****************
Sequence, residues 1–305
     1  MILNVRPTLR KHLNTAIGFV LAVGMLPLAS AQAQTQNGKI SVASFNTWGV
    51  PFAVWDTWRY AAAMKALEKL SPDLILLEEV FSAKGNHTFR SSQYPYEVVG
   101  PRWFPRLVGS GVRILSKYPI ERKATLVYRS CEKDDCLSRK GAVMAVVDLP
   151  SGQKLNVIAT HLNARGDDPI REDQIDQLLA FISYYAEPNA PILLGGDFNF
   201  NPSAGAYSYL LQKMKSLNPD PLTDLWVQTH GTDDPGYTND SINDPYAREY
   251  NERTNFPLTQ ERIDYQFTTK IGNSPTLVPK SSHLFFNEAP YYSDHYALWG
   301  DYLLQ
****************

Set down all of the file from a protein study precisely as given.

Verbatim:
Sequence, residues 1–305
     1  MILNVRPTLR KHLNTAIGFV LAVGMLPLAS AQAQTQNGKI SVASFNTWGV
    51  PFAVWDTWRY AAAMKALEKL SPDLILLEEV FSAKGNHTFR SSQYPYEVVG
   101  PRWFPRLVGS GVRILSKYPI ERKATLVYRS CEKDDCLSRK GAVMAVVDLP
   151  SGQKLNVIAT HLNARGDDPI REDQIDQLLA FISYYAEPNA PILLGGDFNF
   201  NPSAGAYSYL LQKMKSLNPD PLTDLWVQTH GTDDPGYTND SINDPYAREY
   251  NERTNFPLTQ ERIDYQFTTK IGNSPTLVPK SSHLFFNEAP YYSDHYALWG
   301  DYLLQ